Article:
Remember that backdating option grants was legal before the Sarbanes-Oxley Act of 2002 imposed a requirement that all option grants be reported to the SEC within three business days of the grant date. Under Sarbanes-Oxley, backdating more than two days would make it impossible to fulfill that requirement. Before that, companies could backdate option grants if they wished, provided that any benefit to the grantee from changes in the stock price between the date listed on the grant and the date it was actually made were properly accounted as compensation expense. Apple apparently failed to do that in up to 15 cases, and that’s an accounting error. If anyone uncovers evidence that anyone at Apple deliberately tried to conceal a backdated option grant to avoid the tax issues or deceive the board of directors, the public, or the government, that could be a criminal offense. A few analysts may, possibly, just maybe, have questions about this.

  • As if this weren’t enough, Apple announced yesterday that it had shipped an unknown number of Windows video iPods shipped since 2006.09.12 (but believed to be less than 1% of total shipments) with the Windows RavMonE.exe virus. What’s more, the company seems to have bypassed its entire marketing and PR staff to write one of the most childish avoidances of responsibility we’ve seen from the company in years:

    As you might imagine, we are upset at Windows for not being more hardy against such viruses, and even more upset with ourselves for not catching it.

    Both Mac-specific blogs and other blogs have noticed this blame-passing, but we think it’s even worse. Apple markets itself as a company that provides easy solutions – products that “just work.” Yet when its own manufacturing processes (whether in-house or contracted) have made a serious error, the first blame from Apple goes to Microsoft.

    A company that prides itself on providing solutions would not blame Microsoft and link to trial versions of third-party software to fix the problem. The Apple that presents itself in advertisements would provide a free, limited, supported, non-trial version of one or more anti-virus programs that remove the affected virus on any system with an iPod connected, not just for 30 days, but in perpetuity. Oh, and they’d get rid of that buck-passing “it’s Windows’ fault” language, too. Be upset at Windows all you like, but don’t blame Windows for your error in not checking iPods for viruses – especially when you use the plethora of Windows viruses in ads as a reason to buy a Mac. As one of the linked bloggers put it:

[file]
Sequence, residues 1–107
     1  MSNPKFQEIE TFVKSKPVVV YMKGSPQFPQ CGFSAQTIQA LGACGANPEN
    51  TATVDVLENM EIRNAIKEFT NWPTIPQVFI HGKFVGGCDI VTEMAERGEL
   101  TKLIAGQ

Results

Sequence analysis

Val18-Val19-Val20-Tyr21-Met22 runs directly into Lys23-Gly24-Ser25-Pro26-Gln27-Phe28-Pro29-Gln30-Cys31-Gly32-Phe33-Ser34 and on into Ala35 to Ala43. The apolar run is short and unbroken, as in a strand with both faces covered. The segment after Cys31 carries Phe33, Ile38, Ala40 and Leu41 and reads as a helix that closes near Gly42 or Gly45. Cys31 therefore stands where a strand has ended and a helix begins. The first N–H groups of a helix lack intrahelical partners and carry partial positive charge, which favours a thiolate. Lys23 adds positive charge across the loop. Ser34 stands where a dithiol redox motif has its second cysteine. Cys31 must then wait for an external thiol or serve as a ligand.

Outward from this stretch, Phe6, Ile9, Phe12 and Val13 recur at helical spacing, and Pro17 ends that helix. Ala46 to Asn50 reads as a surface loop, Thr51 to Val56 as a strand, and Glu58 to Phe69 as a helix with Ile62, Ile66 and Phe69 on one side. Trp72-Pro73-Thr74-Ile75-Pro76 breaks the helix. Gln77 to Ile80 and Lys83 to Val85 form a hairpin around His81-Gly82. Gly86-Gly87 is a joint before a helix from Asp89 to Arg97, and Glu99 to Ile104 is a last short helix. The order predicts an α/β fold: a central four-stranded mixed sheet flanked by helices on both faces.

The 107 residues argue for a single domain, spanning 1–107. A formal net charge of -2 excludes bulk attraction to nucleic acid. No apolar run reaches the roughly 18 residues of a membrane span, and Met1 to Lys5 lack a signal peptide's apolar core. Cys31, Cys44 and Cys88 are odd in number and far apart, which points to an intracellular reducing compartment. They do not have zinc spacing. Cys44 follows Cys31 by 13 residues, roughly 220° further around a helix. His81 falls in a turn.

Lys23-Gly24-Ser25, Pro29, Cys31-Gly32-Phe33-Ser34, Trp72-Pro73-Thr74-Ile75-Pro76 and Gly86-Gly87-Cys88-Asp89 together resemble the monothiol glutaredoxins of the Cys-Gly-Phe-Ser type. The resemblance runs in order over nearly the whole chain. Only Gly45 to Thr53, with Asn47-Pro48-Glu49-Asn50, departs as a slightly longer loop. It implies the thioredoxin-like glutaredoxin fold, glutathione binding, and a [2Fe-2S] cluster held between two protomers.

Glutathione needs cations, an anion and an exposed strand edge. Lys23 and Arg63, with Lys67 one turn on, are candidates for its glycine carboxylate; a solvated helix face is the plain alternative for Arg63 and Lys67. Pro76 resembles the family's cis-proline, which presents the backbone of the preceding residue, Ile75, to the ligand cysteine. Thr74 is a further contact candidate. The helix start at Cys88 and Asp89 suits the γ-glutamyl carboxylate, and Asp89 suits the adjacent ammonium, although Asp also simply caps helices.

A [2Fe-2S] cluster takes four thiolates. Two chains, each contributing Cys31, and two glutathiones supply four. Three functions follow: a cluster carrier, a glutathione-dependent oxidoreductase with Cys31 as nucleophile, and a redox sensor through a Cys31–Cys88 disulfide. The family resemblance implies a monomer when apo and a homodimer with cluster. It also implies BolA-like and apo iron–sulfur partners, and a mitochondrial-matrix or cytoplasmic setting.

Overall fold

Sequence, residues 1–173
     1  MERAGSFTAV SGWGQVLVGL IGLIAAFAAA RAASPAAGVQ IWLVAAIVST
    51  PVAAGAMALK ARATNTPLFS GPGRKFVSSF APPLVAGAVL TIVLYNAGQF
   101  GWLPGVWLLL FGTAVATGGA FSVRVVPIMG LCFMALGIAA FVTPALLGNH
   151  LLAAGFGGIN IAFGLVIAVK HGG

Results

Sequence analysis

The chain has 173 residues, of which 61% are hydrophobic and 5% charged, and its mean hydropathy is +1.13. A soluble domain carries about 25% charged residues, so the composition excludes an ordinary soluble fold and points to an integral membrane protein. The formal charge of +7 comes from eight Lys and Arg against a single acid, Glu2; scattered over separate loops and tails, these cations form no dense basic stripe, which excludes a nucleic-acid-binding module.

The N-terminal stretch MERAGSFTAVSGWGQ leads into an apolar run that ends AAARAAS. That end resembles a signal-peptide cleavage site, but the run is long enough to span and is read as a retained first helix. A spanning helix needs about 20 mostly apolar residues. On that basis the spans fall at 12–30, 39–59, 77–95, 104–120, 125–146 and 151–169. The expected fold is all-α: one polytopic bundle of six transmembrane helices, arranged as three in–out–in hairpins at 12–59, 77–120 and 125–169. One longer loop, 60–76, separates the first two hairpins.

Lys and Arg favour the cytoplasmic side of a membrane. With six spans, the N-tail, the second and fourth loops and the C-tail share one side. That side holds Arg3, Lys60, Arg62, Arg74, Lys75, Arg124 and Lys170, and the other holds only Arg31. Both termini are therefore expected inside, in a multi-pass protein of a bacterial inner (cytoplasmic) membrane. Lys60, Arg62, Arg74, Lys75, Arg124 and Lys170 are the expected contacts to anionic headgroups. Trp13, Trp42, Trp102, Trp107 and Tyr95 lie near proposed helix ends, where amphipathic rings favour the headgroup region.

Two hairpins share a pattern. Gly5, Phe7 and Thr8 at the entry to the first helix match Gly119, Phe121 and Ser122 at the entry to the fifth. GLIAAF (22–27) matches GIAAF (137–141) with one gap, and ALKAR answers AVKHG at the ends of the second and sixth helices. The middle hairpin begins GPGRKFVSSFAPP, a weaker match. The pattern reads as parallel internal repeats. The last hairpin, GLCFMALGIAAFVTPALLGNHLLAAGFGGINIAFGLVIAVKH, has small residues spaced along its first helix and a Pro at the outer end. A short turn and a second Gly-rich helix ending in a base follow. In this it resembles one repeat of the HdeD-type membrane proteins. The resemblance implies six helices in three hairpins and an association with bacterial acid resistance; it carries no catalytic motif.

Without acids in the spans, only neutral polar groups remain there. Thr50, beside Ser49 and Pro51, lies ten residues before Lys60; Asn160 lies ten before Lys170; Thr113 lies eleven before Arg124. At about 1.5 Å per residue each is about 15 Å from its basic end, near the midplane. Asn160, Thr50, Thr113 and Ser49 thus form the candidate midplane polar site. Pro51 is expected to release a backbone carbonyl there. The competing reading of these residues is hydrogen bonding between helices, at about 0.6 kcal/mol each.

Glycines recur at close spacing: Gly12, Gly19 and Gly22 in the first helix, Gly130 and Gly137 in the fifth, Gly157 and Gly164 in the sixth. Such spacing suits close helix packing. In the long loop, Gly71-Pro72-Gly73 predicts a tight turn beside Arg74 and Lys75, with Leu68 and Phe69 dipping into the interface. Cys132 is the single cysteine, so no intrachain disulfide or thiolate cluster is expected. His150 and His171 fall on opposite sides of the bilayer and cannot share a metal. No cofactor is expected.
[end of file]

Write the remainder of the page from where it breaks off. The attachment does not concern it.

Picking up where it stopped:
By the way, Apple, we’re all upset at Home Depot, too, for not making desks hardy enough to withstand the blast of an exploding Powerbook battery. Ass.

    Update: Intego notes that even if you use a Mac, it’s worth taking steps to eradicate this virus, especially since it can propagate if you run Windows on an Intel-based Mac under Boot Camp, Parallels, or even on a PowerPC Mac using VirtualPC. Good point.

  • And finally, while analysts may want to inquire about all of these topics and more, they may not get the chance. According to Herb Greenberg of MarketWatch, Apple may not even be able to provide guidance for the December 2006 fiscal quarter.

    Why? Options backdating. Just before WWDC 2006, but after the Q3 earnings announcement, Apple said that evidence of irregularities meant “that the financial statements and all earnings and press releases and similar communications issued by the Company relating to periods commencing on September 29, 2002 should therefore not be relied upon.” That includes the Q3 results from July 2006. Once Apple figures out the accounting impact of the backdated option grants, it will file amended (corrected) financial forms with the SEC for all affected periods.

    But as of this moment, the company has yet to do so. Greenberg quotes analyst Bob Renck:

    According to a report by Bob Renck of R.L. Renck & Co., who rates Apple a “sell,” “When companies are not current in their filings, they are severely restricted in the comments they can make about current or future results.” Renck says his conversations with other companies that have been in a similar situation suggest that “while we might expect comments on sales and perhaps even gross margins, it is difficult to imagine Apple management being in a position to comment on net income or comparisons versus the prior year below the gross profit line.”

So with all that in the air, Apple’s executives respond to questions from analysts this afternoon, live and without a net. What could possibly go wrong?